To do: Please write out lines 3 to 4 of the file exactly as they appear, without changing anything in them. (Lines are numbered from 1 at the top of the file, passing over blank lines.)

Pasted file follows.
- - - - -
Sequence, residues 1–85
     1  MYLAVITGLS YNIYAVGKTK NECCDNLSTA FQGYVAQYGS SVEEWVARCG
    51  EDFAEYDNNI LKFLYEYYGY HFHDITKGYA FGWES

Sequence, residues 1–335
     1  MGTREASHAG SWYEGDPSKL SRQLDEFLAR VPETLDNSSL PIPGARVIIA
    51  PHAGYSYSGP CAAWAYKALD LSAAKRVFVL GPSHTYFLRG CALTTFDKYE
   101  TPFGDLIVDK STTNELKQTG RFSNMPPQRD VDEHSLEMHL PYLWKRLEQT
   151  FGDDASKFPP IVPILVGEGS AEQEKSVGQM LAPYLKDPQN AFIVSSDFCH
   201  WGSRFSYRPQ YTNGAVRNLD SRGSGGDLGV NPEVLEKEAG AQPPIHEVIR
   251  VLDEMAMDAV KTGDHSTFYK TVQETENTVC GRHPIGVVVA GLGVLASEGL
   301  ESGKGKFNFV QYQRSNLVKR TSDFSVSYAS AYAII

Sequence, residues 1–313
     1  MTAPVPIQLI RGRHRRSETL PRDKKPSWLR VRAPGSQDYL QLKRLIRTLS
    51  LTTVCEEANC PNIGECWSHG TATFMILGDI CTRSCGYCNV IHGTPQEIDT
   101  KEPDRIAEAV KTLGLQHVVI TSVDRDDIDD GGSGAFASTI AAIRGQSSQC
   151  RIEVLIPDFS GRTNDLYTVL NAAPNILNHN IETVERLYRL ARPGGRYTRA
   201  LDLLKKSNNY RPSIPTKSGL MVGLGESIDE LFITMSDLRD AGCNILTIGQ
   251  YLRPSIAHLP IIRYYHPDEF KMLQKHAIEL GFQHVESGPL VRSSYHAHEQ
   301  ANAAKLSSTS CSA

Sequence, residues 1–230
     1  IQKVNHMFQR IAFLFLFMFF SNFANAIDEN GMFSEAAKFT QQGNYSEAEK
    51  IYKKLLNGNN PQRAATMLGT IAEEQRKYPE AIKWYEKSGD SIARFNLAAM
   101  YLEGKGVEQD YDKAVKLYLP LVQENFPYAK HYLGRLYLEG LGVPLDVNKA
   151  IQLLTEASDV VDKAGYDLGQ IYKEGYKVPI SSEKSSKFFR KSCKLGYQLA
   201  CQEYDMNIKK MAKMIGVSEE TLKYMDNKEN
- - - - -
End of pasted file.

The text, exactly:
    51  EDFAEYDNNI LKFLYEYYGY HFHDITKGYA FGWES

Sequence, residues 1–335